Poster and Creative Exhibit Guidelines and Templates

Poster and Creative Exhibit Guidelines and Templates

    A poster or creative exhibit is a visual representation of the work that you have accomplished; it should “tell the story” of the work you have done.

    This page provides general tips and some requirements specific to the UNL Spring Research Fair but you should follow any discipline-specific guidelines when developing your poster or creative exhibit. Talk to your advisor or mentor about the norms for developing a poster or creative exhibit in your discipline.

    Composing your poster

    Size and layout

    The maximum poster size for the UNL Research Fair is 40 inches by 48 inches, and using one of the templates provided by the Pixel Lab is strongly encouraged.

    Draw a rough sketch of your poster first. Space information proportionally. Divide your poster horizontally or vertically into three or four sections. Use index cards, or use graph paper and cut-up sticky notes, to visualize where the components of your poster will go.

    Background color is up to you; however, lighter colors (pastels, greys) typically provide the best contrast for text, graphic, and photographic elements. Use a light background with darker photos or a dark background with lighter photos.

    Aim for 20% text, 40% graphics, and 40% empty space. Look critically at your layout. Cluttered posters are difficult to read. Your poster should stimulate discussion, not give a long presentation. When in doubt, edit.

    Text

    Use text sparingly. Your poster’s purpose is to tell a story but the poster is primarily a visual representation.

    • Cover the essentials:
      1. Problem description and challenges
      2. Approach/method
      3. Results and evaluation
      4. Conclusion
    • Use active voice. It can be demonstrated becomes The data demonstrate.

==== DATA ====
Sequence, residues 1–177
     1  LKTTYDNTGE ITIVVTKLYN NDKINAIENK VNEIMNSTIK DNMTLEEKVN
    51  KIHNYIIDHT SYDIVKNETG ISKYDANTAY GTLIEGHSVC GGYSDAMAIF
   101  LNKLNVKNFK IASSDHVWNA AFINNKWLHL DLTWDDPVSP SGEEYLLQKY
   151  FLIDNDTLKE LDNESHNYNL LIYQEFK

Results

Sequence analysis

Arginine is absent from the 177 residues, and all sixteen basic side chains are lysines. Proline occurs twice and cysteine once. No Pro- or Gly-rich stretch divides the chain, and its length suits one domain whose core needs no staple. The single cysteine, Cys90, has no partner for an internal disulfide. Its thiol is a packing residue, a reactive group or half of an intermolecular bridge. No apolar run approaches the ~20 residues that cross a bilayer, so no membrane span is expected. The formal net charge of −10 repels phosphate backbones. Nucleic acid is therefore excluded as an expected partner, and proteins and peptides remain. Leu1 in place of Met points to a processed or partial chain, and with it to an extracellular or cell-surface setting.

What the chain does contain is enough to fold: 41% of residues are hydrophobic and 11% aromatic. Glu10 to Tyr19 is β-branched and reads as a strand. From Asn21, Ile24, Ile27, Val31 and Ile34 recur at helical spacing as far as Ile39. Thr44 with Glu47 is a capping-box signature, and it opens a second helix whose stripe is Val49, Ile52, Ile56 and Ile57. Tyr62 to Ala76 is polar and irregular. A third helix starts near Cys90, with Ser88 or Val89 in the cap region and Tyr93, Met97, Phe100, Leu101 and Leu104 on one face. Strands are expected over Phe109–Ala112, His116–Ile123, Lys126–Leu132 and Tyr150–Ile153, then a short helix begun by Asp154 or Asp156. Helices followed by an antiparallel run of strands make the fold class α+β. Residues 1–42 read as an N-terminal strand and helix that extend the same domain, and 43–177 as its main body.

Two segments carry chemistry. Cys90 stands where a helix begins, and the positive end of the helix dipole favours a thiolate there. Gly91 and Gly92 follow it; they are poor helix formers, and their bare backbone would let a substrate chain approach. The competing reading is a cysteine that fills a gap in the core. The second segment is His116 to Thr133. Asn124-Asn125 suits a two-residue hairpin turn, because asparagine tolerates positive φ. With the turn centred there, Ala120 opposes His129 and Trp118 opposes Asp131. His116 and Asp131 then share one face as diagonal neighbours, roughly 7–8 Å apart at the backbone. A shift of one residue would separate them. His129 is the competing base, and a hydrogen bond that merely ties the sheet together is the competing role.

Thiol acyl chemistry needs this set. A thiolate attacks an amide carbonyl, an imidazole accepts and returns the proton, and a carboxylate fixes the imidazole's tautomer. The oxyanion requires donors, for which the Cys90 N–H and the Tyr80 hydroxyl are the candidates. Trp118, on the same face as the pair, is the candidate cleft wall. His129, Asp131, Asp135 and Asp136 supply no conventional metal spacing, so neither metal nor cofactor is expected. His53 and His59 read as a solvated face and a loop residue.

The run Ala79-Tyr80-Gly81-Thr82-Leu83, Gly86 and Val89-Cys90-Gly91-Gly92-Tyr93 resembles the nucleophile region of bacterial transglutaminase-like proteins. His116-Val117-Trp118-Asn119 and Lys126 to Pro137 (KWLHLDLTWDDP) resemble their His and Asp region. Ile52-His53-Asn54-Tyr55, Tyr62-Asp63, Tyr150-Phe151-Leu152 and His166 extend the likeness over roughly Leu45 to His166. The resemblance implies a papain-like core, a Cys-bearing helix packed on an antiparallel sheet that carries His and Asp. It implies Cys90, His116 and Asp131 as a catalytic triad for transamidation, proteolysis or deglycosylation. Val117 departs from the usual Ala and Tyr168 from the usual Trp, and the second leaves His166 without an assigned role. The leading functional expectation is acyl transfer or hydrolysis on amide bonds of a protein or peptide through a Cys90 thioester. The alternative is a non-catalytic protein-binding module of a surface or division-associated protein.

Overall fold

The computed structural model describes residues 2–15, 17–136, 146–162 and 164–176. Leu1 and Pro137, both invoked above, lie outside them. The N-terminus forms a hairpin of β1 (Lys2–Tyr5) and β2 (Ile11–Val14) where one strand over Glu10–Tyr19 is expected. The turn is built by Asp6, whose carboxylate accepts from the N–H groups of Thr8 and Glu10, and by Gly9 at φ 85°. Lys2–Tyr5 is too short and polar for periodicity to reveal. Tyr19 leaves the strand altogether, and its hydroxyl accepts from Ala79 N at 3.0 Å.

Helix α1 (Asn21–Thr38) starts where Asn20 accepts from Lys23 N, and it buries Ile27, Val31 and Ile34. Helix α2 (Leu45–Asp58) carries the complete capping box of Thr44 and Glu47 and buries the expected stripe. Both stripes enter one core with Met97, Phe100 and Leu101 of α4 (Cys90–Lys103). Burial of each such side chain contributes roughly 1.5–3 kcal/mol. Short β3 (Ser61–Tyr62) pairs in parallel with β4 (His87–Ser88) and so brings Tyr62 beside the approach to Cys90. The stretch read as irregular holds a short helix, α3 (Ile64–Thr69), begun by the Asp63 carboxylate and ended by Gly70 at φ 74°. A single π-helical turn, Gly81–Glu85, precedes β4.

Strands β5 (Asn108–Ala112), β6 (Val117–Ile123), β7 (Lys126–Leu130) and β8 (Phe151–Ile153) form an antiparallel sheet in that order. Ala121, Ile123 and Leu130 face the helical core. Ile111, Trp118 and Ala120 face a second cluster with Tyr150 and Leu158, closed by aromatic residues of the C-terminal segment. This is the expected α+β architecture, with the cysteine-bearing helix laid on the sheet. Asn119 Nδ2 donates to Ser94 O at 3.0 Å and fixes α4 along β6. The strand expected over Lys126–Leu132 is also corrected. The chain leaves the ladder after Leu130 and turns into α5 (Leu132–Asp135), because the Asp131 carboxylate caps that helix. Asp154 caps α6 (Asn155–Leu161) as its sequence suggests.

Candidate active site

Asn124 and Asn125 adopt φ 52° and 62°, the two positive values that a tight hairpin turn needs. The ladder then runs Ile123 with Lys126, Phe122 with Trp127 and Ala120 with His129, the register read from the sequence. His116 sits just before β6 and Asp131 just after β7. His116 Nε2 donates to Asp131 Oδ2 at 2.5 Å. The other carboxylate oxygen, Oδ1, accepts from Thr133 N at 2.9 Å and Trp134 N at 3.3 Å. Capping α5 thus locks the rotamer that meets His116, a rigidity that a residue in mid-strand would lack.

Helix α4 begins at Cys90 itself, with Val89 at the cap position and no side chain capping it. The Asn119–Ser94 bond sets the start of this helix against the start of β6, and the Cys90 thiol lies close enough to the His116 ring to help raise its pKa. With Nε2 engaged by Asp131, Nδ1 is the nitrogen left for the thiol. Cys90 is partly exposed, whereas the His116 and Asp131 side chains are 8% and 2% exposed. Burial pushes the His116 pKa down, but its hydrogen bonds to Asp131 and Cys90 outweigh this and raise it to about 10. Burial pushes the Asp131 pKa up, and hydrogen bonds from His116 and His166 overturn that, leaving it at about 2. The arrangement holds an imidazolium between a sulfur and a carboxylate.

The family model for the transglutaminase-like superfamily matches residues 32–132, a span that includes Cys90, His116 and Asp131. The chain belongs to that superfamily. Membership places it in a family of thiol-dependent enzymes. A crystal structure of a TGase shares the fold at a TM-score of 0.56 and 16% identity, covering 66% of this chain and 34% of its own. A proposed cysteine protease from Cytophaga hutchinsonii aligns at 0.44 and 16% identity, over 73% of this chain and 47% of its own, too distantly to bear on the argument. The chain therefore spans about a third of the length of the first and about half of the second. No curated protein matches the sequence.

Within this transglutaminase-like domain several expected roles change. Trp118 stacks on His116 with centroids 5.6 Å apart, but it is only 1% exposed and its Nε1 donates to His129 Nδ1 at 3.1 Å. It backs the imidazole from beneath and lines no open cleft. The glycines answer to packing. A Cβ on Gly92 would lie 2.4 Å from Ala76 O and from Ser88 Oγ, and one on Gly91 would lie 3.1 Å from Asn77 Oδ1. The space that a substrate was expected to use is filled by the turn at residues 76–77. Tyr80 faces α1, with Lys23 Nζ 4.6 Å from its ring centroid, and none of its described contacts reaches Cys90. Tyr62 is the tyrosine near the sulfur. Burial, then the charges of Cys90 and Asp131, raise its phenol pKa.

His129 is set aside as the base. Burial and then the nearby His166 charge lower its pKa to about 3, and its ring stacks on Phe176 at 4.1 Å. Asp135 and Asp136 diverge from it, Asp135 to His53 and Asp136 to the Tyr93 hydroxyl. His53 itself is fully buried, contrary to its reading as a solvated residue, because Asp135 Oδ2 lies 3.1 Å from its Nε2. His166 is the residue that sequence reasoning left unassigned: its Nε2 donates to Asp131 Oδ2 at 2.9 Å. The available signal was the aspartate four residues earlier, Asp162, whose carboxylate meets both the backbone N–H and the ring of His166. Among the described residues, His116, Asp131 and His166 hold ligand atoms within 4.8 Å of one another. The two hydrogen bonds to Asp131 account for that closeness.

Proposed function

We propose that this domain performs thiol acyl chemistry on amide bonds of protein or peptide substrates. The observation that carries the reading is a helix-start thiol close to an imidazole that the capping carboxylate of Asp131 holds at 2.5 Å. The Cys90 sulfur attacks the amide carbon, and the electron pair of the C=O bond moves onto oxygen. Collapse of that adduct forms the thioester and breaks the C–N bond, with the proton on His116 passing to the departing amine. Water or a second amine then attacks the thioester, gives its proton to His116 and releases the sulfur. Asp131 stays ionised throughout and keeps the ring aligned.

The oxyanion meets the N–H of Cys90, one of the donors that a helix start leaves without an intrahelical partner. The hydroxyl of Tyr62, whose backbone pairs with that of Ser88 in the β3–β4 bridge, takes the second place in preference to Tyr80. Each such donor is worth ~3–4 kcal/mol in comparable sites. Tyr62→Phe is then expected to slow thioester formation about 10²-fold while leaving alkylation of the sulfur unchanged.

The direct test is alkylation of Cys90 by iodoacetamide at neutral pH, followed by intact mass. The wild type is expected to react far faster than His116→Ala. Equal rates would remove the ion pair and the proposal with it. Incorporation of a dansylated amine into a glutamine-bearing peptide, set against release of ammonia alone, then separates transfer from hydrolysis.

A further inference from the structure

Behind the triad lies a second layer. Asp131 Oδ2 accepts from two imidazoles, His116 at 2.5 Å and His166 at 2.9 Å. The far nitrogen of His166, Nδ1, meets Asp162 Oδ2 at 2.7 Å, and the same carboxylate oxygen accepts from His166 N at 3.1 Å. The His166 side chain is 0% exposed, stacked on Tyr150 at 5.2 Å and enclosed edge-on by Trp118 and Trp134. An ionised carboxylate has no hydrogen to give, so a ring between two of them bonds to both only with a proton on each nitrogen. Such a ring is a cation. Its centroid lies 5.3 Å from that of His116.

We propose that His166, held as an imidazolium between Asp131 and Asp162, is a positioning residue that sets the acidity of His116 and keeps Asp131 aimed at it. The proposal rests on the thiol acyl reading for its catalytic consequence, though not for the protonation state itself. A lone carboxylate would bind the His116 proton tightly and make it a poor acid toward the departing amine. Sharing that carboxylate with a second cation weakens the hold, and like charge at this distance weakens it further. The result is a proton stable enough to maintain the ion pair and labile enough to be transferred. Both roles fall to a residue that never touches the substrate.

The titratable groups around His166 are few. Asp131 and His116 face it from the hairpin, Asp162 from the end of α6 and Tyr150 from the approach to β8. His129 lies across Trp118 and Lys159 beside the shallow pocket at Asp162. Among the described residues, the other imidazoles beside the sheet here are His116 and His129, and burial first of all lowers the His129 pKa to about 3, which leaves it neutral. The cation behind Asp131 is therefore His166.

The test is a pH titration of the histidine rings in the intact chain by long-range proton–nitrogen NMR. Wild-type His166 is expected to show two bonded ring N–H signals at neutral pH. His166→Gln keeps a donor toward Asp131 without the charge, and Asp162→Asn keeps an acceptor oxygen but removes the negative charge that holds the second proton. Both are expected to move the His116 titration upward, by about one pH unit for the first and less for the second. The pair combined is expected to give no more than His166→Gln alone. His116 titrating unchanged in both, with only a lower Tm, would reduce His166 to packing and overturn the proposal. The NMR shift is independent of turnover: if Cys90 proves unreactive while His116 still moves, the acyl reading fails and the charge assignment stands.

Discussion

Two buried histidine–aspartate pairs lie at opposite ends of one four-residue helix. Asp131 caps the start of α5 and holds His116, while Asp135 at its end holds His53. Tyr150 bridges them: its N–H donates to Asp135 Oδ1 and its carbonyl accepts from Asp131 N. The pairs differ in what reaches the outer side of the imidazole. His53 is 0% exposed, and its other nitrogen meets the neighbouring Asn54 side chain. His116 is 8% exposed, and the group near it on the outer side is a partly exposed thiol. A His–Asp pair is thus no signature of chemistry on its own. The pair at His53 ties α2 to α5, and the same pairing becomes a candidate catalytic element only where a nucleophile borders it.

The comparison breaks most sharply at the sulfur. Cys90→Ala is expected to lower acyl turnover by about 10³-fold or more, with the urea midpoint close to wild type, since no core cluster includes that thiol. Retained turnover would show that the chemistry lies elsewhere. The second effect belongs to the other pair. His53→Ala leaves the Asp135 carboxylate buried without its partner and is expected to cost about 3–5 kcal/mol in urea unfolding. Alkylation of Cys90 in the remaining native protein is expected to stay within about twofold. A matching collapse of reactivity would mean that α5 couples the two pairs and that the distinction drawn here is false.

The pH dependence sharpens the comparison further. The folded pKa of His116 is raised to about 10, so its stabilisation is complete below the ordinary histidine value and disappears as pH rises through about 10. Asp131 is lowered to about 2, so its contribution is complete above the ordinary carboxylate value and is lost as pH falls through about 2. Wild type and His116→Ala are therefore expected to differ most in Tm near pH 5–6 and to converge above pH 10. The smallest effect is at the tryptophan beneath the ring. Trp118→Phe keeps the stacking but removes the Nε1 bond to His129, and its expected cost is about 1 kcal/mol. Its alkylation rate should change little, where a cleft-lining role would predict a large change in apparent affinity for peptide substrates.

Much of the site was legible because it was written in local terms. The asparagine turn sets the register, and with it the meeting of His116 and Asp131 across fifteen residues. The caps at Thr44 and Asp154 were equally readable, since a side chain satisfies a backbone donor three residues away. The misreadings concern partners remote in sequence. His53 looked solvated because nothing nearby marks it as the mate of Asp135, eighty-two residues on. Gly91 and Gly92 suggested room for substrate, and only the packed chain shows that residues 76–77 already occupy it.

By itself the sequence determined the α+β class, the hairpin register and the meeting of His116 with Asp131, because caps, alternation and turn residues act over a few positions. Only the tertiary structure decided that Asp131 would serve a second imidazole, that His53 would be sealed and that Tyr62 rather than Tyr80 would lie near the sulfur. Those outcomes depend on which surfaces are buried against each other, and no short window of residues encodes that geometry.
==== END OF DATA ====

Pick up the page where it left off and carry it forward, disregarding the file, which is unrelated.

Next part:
• Be consistent. Choose one font and use it throughout. Add emphasis by using boldface, underlining, or color; italics are difficult to read.

    Recommended font sizes if using Helvetica:

    • Title: 40 pt or larger. Put it across the top and make it informative.
    • Section headings (Introduction, Methods, etc.): 36 pt bold.
    • Supporting text (intro text, figure captions, etc.): 24 pt, bold where appropriate.
      • Narrative details should be brief, in plain text, and no smaller than 18 pt.
      • Consider a larger size (36 pt) for Conclusion text, and a smaller size (18 pt) for Methods text.

    Producing your poster

    Remember to proofread before you assemble or print your poster!

    Printed posters

    The Pixel Lab in Henzlik Hall provides printing and laminating services at affordable rates.

    • Save your poster as a PDF and name the file with your last (family) name.
    • Use the online project calculator to estimate your cost, and come prepared with payment information: the Pixel Lab accepts cash, credit card, check, or a department cost object.
    For the 2018 Spring Research Fair:

    • Maximum poster size is 40 inches by 48 inches.
    • Posters should not be mounted on poster board or foam core.
    • If using the Pixel Lab: Posters must be submitted to the Pixel Lab by March 30 to guarantee that they will be ready in time for this event. We encourage you to submit your poster as soon as it is ready.

    Creative exhibits and other display methods

    For some projects or in some fields, traditional posters are not the most effective way to present your research or creative work.

    If you choose this option on your registration form, you’ll also need to describe briefly what you have in mind and how your research is well-suited to your proposed presentation method. Presenters will be given space roughly the size of a 6-8′ table. We will contact you further regarding your proposed display to determine your needs.